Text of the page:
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July 07, 2010

The Price of Wine - David Womersley bemoans the fact that first-growth clarets have become so expensive that they are no longer affordable to the merely well-off

Posted by David Womersley

First-growth clarets have gone the way of Knightsbridge houses and Francis Bacon's - they are only affordable to the super-rich. Oxford professors will no longer be able to admire and enjoy the extraordinary skill employed in the making of such wines.

The unadorned facts alone are enough to provoke a sharp intake of breath. In 2005, if you wanted a case of Ch. Ausone, you had to part with 8,500; in 2009, that will be 14,000, thank you. A bit too steep? What about Cheval Blanc, which was a modest 4,500 in 2005. This year, however, it will be 8,750. Lafite was almost bargain-basement in 2005, at only 3,900; but in 2009 it has been decisively "re-positioned" at 13,000. What on earth is going on?

Of course, some of this inflation is attributable to speculative buying. But even speculators in the end need a genuine buyer to sell to, and they must believe that they will be able to find some who will eventually be prepared to pay a good deal more than these opening prices. They may well be right. It is clear that the very finest wines of Bordeaux - or at least those with the reputation of being the finest - are now being priced on the same basis as works of art or vintage cars: that is to say, on a basis which has nothing to do with questions of utility, or even (in any normal sense of the word) of quality. At this level, wine has ceased to be a drink. It has become a trophy, to be listed, discussed, displayed - but not consumed.

From the point of view of the wine-drinker, this is not all bad news. In the old days (that is to say, when the price of first-growths was within a reasonable distance of "normal" claret) you had to buy first-growths to be sure of getting something drinkable after the years of cellaring necessary for it to mature. Now, thanks to the widespread use of temperature-controlled fermentation tanks (those large stainless steel cylinders you often see by the roadside in France), even ordinary French wine is likely to be at least sound. It won't display the wonderful union of contradictory qualities you get with the very best wines, but it will be satisfying. Even in as exorbitantly-priced a vintage as 2009 Bordeaux, there are plenty of very good wines for sale at prices equivalent to, say, a premium New Zealand Sauvignon Blanc.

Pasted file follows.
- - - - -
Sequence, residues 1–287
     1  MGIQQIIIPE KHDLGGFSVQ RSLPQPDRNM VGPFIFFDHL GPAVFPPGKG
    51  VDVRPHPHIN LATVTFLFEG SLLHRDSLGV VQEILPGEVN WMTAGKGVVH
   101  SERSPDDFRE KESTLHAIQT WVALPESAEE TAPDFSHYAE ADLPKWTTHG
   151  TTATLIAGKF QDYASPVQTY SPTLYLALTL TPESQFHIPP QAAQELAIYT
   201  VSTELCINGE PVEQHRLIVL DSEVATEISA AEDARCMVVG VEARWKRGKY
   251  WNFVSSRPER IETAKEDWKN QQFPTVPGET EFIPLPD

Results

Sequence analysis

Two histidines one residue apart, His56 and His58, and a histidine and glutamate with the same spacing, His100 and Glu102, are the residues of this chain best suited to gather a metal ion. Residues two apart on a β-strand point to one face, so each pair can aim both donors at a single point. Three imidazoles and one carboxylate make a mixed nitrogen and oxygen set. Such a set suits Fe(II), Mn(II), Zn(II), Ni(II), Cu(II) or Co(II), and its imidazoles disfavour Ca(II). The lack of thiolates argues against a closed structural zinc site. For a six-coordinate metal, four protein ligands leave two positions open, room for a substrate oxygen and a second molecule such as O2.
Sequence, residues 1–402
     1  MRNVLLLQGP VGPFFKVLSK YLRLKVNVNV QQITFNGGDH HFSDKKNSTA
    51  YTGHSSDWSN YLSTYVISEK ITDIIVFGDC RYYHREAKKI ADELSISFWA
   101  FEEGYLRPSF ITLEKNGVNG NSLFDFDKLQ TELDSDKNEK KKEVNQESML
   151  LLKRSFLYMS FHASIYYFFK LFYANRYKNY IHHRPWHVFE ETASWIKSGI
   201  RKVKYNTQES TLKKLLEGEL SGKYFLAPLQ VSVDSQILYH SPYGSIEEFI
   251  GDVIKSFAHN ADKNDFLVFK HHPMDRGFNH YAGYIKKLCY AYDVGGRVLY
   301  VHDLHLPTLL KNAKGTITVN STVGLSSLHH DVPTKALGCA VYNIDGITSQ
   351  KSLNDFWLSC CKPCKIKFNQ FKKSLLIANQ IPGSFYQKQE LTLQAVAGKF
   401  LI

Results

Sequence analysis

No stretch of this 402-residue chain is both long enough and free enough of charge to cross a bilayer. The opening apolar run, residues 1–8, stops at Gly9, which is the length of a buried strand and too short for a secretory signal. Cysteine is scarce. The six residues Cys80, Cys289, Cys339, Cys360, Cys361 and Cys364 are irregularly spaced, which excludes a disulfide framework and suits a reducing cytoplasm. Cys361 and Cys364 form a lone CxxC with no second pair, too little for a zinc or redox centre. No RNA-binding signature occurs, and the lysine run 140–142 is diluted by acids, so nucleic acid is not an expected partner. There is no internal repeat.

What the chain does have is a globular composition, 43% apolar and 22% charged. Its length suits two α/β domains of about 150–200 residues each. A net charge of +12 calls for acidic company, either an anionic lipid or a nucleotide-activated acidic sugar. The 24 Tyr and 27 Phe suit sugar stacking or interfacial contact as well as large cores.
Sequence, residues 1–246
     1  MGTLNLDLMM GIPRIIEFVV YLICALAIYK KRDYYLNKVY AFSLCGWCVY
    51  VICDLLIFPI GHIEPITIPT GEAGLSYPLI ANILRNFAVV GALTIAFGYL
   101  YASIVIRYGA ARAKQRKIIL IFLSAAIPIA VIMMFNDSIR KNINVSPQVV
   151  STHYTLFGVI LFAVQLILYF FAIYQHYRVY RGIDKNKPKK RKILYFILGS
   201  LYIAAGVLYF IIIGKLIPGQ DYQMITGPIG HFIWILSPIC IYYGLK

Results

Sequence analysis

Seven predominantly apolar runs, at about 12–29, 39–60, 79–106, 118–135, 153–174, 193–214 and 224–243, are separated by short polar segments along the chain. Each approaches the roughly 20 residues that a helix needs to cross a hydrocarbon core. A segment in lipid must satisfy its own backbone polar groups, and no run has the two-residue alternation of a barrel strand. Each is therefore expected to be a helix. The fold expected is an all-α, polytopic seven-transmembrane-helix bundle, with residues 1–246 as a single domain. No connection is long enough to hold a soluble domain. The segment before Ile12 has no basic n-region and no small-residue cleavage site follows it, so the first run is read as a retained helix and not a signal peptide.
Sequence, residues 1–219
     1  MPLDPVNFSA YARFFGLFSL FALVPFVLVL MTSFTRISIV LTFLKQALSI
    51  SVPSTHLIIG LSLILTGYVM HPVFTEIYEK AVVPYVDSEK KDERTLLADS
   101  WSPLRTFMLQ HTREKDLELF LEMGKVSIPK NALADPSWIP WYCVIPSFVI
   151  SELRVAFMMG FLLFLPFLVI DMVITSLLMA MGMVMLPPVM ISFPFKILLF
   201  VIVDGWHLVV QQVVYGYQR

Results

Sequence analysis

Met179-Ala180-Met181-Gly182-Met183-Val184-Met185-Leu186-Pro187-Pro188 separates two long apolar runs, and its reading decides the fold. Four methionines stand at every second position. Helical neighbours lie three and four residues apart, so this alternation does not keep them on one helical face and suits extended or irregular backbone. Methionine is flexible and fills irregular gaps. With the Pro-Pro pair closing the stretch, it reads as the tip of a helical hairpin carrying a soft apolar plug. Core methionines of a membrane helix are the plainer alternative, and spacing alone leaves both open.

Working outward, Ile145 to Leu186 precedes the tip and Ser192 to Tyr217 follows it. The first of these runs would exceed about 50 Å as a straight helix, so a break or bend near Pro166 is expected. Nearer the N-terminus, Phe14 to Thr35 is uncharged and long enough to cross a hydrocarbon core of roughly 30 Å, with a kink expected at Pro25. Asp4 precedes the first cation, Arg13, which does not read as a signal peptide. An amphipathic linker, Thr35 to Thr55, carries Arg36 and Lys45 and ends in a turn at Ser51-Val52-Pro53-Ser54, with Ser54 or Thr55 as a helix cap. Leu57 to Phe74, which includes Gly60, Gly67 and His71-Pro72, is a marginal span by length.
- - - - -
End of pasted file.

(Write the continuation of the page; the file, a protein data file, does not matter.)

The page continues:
How will this inflation end? For the past thirty years or so, Bordeaux prices have been on a steady upward trend, following a jagged line in which the peaks are the various "vintages of the century" (it's worth bearing in mind that we have had three of those in the last ten years - 2000, 2005 and 2009). If 2010 is merely an ordinary vintage, these prices can be expected to drop back a bit. But not by much. Short of a really effective health-scare, the finest wines of Bordeaux have now disappeared from the experience of all but billionaires and a small group of wine journalists. Poorer or less well-connected devotees of French wine will begin to look even more closely at other regions, such as the Loire and the Rhone. Even grand cru Burgundy now looks, in comparison to first-growth claret, like everyday drinking.

The great beneficiaries of this inflation would seem to be the chateaux which can command these astonishing prices for what is, considered in one perspective, a simple agricultural product. The inflows of capital are extraordinary, for some of these properties are very large and produce thousands of cases of wine. But if the economics are thrilling for the owners, the workers who actually create these wines have reason to be more pensive. Like scribes producing illuminated manuscripts in a language that no one can read, the skill they expend on these beautiful but unconsumable wines has become pointless.

David Womersley is Thomas Warton Professor of English Literature, University of Oxford. His previous reviews for the Social Affairs Unit can be read here.

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